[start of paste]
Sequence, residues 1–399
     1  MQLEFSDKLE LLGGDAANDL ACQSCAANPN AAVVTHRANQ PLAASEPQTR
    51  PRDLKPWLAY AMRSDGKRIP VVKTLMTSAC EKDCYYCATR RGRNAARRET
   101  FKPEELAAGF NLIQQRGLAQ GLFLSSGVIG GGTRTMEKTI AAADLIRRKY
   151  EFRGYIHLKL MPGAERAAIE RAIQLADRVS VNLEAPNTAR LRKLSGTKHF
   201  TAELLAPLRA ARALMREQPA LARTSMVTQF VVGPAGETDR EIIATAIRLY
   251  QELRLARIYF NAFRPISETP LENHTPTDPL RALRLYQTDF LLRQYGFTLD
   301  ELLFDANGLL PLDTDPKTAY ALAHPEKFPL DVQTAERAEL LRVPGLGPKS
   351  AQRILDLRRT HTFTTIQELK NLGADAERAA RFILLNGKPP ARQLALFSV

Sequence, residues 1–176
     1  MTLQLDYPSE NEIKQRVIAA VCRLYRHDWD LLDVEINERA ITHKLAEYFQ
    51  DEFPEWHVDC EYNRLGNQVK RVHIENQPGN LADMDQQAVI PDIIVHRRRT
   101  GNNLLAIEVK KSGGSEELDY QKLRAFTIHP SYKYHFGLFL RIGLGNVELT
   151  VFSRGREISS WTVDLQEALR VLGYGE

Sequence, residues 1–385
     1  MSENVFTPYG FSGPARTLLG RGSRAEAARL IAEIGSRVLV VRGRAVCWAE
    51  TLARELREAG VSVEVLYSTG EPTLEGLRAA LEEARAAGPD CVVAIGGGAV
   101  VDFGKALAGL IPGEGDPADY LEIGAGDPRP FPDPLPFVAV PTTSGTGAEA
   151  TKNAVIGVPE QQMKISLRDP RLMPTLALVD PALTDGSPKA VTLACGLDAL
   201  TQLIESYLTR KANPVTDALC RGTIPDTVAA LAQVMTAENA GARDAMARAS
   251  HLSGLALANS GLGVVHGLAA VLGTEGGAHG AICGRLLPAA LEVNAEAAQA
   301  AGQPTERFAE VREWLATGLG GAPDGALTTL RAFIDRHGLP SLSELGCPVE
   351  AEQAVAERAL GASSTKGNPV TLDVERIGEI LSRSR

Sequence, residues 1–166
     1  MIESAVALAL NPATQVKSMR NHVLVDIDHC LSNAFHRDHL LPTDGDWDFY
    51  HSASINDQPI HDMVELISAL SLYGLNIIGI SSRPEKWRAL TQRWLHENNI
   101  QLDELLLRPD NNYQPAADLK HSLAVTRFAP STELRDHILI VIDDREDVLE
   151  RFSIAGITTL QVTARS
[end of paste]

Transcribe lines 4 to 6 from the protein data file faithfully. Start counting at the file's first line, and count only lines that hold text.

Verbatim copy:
   101  FKPEELAAGF NLIQQRGLAQ GLFLSSGVIG GGTRTMEKTI AAADLIRRKY
   151  EFRGYIHLKL MPGAERAAIE RAIQLADRVS VNLEAPNTAR LRKLSGTKHF
   201  TAELLAPLRA ARALMREQPA LARTSMVTQF VVGPAGETDR EIIATAIRLY